Are You Prepared For Financial Disaster?

I know financial disasters may seem like something to prepare for at a more “convenient” time —  perhaps once you have paid off your debt or received that promotion at work — but let the financial collapse remind you that you can’t control everything, so you must do your best to plan for anything.

I coach my clients on coming up with game plans in case something goes wrong with their finances. While there's no guarantee you won’t get hurt, preparing in advance means you can absorb the shock and weather the storm much better.

If something does in fact go wrong (the stress, the shock, the fire), how will you react financially? This is a scary question to consider, because the answer might leave you feeling quite vulnerable. Mapping out a “Plan B,” however, will make you feel better and more prepared. Ask yourself, “What is the worst case scenario that could happen to me financially, and how would I respond to it?”

If your income dried up tomorrow, how would you afford to live? I can tell you things like, “A credit card is not emergency savings,” but to be realistic, is that your plan? Would you use a credit card? Would you move in with family? Do you have enough savings to cover you for six, three, or even one month? Do you even know what your monthly living expenses are?

What follows is my personal finance stress test, and it’s nothing like the complicated models many large institutions use. It is just a series of questions to contemplate, and the answers you provide will help you to structure your financial goals and strategies.

What are your must-have/must-pay monthly expenses?

This is food, shelter, transportation, minimum debt payments, health care costs, etc. Write down everything you need to pay to stay alive and maintain your access to quality financial products if needed.

How much of your monthly spending goes toward must-haves versus wants and financial goals?

Go through your budget (or your historical spending, if you don’t have an official budget yet) and determine the percent that goes toward each category. In an ideal budget, must-haves are capped at 50 percent of your monthly income. If you’re over that threshold, consider ways you can get down to that level..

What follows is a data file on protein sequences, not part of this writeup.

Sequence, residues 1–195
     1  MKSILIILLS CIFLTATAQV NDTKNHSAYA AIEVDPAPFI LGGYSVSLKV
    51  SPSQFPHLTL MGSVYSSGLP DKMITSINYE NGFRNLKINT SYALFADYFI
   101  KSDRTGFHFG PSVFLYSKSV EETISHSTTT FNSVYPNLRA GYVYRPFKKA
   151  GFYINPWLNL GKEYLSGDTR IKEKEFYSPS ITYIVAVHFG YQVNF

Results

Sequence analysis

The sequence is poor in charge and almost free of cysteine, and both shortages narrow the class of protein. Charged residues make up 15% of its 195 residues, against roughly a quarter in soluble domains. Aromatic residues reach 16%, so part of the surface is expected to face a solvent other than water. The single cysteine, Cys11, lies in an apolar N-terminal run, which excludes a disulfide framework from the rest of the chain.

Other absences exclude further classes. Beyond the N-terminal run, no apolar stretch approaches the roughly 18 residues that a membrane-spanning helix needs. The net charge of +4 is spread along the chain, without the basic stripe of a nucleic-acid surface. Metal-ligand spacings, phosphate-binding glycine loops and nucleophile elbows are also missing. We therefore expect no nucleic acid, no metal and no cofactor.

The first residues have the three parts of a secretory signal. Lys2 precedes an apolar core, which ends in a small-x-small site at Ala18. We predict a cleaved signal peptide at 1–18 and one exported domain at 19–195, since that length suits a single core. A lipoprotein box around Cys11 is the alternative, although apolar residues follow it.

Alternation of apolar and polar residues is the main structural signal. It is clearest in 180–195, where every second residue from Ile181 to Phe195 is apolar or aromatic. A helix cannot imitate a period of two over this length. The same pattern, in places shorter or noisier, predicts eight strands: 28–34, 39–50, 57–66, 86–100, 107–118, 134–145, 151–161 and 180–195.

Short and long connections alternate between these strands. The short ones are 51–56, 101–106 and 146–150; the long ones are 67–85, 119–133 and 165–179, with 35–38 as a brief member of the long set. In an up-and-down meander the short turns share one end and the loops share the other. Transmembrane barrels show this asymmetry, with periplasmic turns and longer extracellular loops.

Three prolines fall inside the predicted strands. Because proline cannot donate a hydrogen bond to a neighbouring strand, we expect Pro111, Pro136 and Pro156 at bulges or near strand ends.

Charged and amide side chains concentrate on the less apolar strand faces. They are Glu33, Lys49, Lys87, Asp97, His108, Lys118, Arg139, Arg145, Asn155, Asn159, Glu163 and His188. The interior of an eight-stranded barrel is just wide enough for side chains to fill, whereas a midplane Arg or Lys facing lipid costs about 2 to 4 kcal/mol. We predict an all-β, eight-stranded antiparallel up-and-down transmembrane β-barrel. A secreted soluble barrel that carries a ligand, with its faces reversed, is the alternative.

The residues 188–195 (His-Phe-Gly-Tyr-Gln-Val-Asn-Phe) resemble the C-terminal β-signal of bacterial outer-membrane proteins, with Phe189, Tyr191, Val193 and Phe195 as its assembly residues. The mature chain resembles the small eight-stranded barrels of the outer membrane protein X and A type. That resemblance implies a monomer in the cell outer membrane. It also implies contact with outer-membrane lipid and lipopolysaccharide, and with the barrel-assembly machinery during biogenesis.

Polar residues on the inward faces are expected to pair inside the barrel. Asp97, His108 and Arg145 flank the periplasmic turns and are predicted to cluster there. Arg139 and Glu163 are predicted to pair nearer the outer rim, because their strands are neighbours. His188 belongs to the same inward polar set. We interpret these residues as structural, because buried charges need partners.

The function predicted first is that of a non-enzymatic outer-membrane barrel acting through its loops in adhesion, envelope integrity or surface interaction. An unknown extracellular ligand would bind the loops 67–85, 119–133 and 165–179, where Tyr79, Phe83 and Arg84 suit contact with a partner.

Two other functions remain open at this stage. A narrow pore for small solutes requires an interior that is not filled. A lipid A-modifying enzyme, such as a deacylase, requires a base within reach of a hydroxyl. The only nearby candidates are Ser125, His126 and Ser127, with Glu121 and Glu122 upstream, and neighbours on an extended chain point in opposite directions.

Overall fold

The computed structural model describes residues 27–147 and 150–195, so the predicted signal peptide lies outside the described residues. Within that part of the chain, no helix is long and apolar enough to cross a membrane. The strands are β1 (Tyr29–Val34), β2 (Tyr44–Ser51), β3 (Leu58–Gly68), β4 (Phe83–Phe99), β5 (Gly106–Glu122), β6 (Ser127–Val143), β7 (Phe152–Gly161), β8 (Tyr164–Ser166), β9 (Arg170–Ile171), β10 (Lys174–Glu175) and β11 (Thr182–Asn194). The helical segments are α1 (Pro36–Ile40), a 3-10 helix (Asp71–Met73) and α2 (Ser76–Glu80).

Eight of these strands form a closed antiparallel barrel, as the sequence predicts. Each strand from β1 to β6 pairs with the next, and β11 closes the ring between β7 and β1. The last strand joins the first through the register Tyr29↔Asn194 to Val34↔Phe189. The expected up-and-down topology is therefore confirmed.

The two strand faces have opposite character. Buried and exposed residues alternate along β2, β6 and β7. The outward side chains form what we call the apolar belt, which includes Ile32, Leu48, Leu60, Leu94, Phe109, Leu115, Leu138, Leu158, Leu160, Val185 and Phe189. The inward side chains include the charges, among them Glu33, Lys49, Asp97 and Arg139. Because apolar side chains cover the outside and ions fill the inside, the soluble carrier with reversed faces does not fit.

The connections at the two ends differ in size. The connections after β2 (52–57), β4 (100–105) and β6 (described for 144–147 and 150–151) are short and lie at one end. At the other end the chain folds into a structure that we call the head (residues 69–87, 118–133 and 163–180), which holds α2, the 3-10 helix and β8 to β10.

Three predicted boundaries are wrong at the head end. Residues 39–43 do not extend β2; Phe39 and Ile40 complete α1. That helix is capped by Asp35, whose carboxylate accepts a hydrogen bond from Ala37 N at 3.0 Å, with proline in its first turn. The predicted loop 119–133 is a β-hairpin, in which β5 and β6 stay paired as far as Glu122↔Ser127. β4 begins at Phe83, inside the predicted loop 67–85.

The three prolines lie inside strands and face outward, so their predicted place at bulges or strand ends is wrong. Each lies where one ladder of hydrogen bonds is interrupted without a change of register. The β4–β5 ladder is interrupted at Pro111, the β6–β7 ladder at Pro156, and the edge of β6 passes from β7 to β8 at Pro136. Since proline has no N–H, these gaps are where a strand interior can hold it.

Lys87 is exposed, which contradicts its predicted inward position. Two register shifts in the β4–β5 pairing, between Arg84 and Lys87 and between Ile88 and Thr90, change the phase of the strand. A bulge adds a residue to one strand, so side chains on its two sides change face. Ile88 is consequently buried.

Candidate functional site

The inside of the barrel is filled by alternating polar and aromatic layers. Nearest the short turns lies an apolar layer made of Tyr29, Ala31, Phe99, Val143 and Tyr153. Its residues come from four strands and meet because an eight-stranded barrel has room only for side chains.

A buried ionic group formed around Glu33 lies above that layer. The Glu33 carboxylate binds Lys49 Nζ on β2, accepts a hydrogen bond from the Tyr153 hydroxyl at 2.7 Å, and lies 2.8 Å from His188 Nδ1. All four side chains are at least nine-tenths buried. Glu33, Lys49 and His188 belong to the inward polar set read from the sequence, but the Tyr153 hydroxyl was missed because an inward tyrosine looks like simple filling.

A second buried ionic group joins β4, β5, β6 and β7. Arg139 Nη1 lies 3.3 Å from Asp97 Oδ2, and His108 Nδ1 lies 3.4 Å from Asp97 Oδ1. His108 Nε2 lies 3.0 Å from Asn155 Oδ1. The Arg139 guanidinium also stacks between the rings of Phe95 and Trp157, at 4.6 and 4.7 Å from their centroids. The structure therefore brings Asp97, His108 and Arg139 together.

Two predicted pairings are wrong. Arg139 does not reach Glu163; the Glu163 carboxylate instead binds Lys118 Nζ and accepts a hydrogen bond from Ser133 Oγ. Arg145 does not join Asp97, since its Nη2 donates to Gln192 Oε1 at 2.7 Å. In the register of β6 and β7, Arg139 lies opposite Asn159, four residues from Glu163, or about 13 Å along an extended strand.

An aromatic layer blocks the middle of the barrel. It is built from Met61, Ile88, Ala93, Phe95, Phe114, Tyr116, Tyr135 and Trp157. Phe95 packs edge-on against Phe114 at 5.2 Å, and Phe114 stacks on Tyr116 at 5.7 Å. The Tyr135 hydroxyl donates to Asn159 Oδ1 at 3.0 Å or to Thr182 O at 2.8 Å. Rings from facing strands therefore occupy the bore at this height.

How much do you have in savings?

Not only do you need to consider how much you have available, but you should also make sure you understand how you would you access your savings if you really need it. Research the penalties for taking money out of long-term savings (like retirement accounts), and if potential credit card interest would cost less if you were in a bind.

If your savings is low, do you have access to low-interest credit?

Check your credit score. Is your score high enough to qualify for the lowest interest rate on your card? What about a new credit card with 12 months of interest-free purchases? I am the first one to warn you that a credit card is not emergency savings, but I also know you can’t just wave a wand and stash up your savings overnight.

Are you properly insured?

We have to consider health insurance, life insurance (if you have dependents), disability insurance, homeowner’s/renter’s insurance, and so forth. Make sure you have all the necessary insurance plans set up in the event that you’d need to cash out on them. While you’re at it, check your current credit cards for perks like travel insurance or warranties on purchases.

If you lost 50 percent of your income tomorrow, what would you keep and what would you cut?

This is where the shock starts to set in. What is your spending plan if you only had half of what you are currently bringing in? This is the first tier of what I like to call “shocking your budget,” and it’s not the only one to consider.

If you lost 100 percent of your income tomorrow, what would your monthly spending look like? Filing for unemployment might be an option (if that is the reason for your loss of income). Are there any other gigs you could pick up to bring in some money? What is the absolute bare minimum you could spend to get by?

What is your net worth?

I explain the purpose of tracking your net worth in detail on my blog as an indicator of your growing financial wellness, but this can also illustrate whether your assets can cover your debt in a bind. Also, as you continue to run stress tests on your finances every few months, you can use this as an indicator as to how your financial health is improving.

You may never need the the answers to these questions, but if you do face some bad luck, you’ll be happy you prepared for the worst.

Michelle Bobrow is a member of the DailyWorth Connect program. Read more about the program here.


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